2 Kings 21:1-2
“Manasseh was twelve years old when he began to reign, and reigned fifty and five years in Jerusalem. And his mother’s name was Hephzibah. And he did that which was evil in the sight of the LORD, after the abominations of the heathen, whom the LORD cast out before the children of Israel.”
Though every person is responsible for their own actions, Manasseh’s life and how he ruled are a result of the wasted years that his father lived at the end of his life. Manasseh’s father was Hezekiah, who was a good king for the majority of his life. You may recall how Hezekiah fell sick and was going to die, but his prayer to God gave him fifteen more years to live.
It was those extra fifteen years in Hezekiah’s life that became detrimental to the future of Judah. In those last fifteen years of Hezekiah’s life, he compromised his associations and allowed heathen kings to come into his palace to see everything that he owned. God’s prophecy against Hezekiah was that his sons would face the punishment for his actions, to which Hezekiah responded that he didn’t care as long as he had peace in his days.
It was this attitude that led to a young Manasseh not caring about God. Manasseh was only twelve years old when he began to reign, and the only model he had to follow was the wasted years that Hezekiah lived. Sadly, those wasted years of Hezekiah’s life influenced Judah for decades. Manasseh’s life could have been different had his father not wasted the latter years of his life in sin. Three vital lessons can be learned from Manasseh and Hezekiah.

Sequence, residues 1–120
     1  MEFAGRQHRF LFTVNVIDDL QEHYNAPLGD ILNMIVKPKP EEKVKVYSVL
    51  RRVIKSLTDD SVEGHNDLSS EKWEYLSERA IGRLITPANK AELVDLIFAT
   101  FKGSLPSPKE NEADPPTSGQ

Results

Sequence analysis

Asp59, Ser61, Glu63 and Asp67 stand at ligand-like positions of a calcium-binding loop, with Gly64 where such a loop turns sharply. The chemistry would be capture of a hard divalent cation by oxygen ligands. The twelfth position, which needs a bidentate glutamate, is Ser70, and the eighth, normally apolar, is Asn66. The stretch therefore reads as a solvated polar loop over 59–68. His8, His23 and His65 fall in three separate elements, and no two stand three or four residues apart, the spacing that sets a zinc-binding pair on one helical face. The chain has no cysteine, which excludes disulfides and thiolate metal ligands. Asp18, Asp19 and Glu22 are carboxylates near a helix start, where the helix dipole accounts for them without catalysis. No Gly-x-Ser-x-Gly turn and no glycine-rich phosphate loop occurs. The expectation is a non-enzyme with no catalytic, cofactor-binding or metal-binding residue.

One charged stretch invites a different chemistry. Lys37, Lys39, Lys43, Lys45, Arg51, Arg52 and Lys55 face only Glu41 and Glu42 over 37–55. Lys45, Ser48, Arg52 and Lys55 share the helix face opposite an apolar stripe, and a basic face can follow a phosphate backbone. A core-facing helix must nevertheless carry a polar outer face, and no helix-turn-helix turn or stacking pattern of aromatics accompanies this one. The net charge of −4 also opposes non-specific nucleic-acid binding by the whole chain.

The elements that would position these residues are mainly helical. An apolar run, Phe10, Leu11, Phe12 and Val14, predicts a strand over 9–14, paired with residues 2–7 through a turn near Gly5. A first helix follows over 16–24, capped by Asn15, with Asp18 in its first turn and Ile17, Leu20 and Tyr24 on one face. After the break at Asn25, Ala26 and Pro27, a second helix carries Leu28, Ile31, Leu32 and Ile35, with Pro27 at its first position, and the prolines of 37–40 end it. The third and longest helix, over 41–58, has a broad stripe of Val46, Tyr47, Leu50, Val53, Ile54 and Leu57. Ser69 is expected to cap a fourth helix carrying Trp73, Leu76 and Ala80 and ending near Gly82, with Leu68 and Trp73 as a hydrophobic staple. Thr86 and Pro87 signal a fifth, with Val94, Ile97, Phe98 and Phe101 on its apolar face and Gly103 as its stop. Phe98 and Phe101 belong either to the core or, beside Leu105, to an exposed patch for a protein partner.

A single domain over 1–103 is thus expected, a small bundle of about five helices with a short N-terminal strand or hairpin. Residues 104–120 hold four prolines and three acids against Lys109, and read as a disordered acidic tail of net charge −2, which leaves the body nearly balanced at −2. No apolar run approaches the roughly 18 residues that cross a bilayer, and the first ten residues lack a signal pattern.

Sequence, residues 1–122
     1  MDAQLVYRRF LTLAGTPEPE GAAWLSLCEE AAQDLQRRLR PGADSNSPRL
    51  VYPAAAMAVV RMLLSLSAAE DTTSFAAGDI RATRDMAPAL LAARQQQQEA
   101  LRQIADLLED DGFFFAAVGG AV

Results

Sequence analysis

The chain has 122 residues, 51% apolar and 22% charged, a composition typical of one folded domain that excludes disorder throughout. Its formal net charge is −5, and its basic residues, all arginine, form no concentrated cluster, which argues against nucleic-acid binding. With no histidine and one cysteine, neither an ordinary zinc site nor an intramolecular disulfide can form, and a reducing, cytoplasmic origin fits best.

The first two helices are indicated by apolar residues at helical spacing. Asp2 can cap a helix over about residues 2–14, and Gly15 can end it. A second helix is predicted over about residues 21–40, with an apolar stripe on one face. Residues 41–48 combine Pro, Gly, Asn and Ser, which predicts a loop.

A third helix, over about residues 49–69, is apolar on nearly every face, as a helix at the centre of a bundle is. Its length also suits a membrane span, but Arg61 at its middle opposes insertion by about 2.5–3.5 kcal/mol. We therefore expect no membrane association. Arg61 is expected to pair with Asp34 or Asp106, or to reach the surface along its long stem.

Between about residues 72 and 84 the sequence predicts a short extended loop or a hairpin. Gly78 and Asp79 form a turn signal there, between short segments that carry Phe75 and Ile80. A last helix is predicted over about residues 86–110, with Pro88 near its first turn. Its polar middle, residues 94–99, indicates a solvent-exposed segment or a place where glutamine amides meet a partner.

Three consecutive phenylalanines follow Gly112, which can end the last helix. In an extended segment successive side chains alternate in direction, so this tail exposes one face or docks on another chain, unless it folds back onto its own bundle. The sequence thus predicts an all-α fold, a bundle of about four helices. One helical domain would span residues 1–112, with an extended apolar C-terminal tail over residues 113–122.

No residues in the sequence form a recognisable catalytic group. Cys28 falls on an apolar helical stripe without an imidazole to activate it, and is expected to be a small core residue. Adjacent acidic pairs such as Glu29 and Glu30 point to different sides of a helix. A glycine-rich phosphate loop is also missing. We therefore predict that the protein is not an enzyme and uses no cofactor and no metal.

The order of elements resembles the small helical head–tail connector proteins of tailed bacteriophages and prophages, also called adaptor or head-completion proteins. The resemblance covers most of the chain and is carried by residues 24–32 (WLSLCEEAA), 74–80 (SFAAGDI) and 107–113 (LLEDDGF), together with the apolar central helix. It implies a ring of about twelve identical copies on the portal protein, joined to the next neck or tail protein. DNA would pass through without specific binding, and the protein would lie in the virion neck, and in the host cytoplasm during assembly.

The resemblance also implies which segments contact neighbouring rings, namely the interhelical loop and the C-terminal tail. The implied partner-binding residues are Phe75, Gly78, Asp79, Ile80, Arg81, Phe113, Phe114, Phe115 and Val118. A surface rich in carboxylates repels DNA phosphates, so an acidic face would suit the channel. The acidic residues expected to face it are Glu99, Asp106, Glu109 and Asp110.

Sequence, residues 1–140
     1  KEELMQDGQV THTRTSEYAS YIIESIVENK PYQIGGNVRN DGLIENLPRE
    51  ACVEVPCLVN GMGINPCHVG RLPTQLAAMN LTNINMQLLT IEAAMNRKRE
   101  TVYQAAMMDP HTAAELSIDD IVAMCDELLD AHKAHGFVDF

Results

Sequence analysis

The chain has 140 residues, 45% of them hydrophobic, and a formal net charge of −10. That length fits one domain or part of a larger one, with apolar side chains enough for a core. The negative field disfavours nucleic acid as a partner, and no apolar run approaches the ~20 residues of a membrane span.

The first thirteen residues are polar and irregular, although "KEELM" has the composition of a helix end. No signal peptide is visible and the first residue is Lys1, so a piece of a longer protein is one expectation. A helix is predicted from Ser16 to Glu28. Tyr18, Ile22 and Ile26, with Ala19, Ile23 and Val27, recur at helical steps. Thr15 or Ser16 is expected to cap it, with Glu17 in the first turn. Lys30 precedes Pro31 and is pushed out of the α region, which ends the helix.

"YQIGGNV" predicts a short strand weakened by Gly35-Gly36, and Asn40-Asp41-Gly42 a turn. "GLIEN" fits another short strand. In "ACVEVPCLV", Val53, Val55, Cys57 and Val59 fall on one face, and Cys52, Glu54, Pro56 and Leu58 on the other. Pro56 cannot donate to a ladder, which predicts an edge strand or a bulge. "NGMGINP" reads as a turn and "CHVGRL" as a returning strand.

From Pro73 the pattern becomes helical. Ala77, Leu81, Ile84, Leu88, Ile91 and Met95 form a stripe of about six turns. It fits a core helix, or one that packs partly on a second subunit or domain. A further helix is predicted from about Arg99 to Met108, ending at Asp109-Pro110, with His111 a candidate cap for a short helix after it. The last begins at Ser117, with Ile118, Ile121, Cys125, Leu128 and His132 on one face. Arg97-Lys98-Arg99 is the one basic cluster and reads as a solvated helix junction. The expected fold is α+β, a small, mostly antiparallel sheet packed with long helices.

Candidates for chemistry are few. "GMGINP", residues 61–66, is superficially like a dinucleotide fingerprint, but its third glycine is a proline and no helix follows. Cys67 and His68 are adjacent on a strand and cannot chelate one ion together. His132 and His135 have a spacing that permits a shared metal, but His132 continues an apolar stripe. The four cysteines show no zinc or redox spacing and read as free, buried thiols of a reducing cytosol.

First, any time in sin is wasted time. It doesn’t matter if you waste a day in sin or if you waste years in sin, you can never take back the impact that that time has on your life and future generations. You may not think it is a big deal to waste just a “little” time in sin, but God cares about the time you waste in sin, and He will judge accordingly. My friend, every “little” time in sin adversely makes a big impact on the generations that follow you. The best time in sin is no time at all. You must guard against any time in sin if you don’t want it to negatively impact your life and the lives of your children.
Second, you always influence the next generation to do wrong when you waste time in sin. The next generation often follows the lowest standard you set for them, and when you waste time in sin, you lowered the standard for them to live. It was a short time in sin that influenced Lot to pitch his tent towards Sodom. It was only a few years of Hezekiah’s life that influenced Manasseh to do evil in the sight of the LORD. You may come back to God after wasting a few years in sin, but its impact on the next generation can never be taken back. If you don’t want to influence the next generation for wrong, you had better not waste any time in sin.
Third, your age and accomplishments never give you a right to waste time in sin or apathy. I have watched men who spent decades in the ministry change how they live after they retired only to cause their message of decades to be voided. It doesn’t matter how old you are or what you have done for the LORD, all the years of godly training will be wasted if you waste the latter years of your life in sin and apathy. Just because you are older doesn’t give you a right to do wrong. The best influence you can have on future generations is to do right your entire life. You should make it your goal to serve God until the day that you die.